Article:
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Whānau Ora Model Provides A Blueprint For New Māori Health Authority

Te Pūtahitanga o Te Waipounamu is encouraged by this morning’s announcement of major reforms to the healthcare system, including the establishment of a long-awaited Māori Health Authority, and calls for Government to look to Whānau Ora as a model.

Pouārahi/CEO Helen Leahy says that the announcement is positive news for whānau who for too long have experienced differential treatment, follow up, referrals and outcomes under the current health arrangements. She is pleased that the new authority will be Māori-led and will offer joint decision-making rights on national strategies, policies and plans that affect Māori.

“The proof of the commitment will lie in the detail around the resourcing, the leadership and the accountability approach,” says Ms Leahy. “We are hopeful that this morning’s announcement is a sign that change is on the horizon but it will rely on fulsome and frank dialogue right across our whānau, hapū, iwi and Māori communities to design the framework we need.”

Over the past six years, Te Pūtahitanga o Te Waipounamu has demonstrated the strength of the Whānau Ora model as the commissioning agency for the South Island, and Ms Leahy believes it provides a blueprint for the Māori Health Authority to follow.

“The nine iwi who hold mana whenua authority across Te Waipounamu have been change-makers in setting the bold direction for a Whānau Ora approach,” says Ms Leahy. “In order to urgently improve outcomes, we would hope that Health NZ and the Māori Health Authority will have sufficient autonomy and real independence to monitor services, address equity, and achieve consistency across delivery.”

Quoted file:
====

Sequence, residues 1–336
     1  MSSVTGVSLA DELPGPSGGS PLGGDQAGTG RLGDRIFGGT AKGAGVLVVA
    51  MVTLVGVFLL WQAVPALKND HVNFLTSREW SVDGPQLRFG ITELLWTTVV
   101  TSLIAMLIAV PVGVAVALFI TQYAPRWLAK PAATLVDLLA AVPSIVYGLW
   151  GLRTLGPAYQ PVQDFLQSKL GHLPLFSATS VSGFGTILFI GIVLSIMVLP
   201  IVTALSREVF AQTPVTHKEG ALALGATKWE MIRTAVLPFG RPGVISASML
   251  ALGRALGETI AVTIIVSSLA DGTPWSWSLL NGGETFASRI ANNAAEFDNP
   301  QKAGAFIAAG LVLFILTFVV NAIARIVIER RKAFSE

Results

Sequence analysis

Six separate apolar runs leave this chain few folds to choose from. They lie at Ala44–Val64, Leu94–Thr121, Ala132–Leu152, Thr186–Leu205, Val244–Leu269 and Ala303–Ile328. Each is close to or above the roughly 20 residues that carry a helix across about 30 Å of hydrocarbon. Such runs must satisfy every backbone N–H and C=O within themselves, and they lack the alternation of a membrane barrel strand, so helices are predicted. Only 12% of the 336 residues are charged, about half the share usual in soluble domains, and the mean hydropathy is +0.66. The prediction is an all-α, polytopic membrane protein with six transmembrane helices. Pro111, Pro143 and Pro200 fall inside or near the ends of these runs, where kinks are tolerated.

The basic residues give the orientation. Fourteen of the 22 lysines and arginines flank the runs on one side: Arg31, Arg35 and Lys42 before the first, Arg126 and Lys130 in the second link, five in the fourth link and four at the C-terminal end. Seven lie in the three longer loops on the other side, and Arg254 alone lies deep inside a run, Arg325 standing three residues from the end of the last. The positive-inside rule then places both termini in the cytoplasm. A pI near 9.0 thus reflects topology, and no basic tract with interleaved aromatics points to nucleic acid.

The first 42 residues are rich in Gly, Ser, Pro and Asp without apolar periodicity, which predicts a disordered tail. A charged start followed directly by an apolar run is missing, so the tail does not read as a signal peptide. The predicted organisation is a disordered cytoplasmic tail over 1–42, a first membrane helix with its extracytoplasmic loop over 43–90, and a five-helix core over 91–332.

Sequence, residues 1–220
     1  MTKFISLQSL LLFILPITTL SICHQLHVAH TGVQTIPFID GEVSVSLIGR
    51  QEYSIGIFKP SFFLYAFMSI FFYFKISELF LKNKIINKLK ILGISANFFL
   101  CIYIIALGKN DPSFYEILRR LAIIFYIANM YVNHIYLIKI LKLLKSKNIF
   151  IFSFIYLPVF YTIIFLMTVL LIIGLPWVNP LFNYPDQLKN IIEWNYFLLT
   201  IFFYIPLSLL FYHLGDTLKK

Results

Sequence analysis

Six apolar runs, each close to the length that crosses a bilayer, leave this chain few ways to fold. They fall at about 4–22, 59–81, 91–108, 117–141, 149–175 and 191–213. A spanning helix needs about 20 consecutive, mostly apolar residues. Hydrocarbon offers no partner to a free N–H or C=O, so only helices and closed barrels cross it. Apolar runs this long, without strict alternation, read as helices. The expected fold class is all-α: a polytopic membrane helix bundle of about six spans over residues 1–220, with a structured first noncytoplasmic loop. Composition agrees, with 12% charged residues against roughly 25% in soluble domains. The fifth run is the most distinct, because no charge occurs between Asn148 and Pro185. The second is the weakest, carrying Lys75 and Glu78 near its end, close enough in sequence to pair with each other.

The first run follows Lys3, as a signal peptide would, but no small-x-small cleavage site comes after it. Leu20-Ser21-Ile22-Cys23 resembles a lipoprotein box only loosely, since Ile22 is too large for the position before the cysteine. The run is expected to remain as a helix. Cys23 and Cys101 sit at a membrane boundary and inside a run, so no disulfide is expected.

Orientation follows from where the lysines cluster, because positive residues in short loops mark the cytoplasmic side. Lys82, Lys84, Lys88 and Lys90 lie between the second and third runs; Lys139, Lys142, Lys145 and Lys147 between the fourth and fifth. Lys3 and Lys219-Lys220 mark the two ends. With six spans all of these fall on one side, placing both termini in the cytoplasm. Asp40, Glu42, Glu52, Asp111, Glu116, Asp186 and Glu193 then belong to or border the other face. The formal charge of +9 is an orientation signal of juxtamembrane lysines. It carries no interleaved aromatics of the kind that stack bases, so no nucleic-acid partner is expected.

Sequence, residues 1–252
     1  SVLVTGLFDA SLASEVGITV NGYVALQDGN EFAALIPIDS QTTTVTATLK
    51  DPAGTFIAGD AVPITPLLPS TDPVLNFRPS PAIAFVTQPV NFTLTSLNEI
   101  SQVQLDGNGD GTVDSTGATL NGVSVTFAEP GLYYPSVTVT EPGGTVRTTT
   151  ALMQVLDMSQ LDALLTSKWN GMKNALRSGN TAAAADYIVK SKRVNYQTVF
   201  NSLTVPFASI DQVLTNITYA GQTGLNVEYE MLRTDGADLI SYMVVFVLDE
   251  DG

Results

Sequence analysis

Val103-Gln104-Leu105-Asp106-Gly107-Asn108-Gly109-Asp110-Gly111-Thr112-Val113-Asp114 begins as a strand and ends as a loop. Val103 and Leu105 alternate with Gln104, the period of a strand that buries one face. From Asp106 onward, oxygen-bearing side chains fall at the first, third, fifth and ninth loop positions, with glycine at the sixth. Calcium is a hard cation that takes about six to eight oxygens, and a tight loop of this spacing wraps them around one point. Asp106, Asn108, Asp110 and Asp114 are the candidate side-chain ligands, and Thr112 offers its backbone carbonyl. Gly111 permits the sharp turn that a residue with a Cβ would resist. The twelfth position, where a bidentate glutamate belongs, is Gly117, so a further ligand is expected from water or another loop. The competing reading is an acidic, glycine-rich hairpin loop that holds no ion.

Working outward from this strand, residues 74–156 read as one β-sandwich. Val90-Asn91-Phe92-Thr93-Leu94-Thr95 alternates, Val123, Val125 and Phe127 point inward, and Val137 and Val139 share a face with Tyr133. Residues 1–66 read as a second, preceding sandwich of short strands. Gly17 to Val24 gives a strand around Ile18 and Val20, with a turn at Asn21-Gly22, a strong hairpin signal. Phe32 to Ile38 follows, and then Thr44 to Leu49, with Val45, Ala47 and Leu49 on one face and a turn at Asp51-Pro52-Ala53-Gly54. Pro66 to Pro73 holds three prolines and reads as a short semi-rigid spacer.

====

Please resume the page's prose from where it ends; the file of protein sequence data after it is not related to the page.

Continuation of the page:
“We have heard directly from whānau the dissatisfaction and distress of those the system classifies as ‘unreachable’, simply because has not been equipped to meet their needs,” says Ms Leahy. “These are whānau who have felt locked out of the system because bureaucracy has created too many fences to leap and mazes to navigate. Whānau Ora has helped many whānau to overcome these challenges and these learnings can be applied to the new authority.”

Ms Leahy says that it is crucial the Government looks to the success of the Whānau Ora approach when designing and implementing the new Māori Health Authority, to ensure that no whānau are left behind.

“We want to see universal consistency, which applies to access, quality of outcomes, coverage and reach,” says Ms Leahy. “Whānau should not be missing out because of their postcode or their bank balance.”

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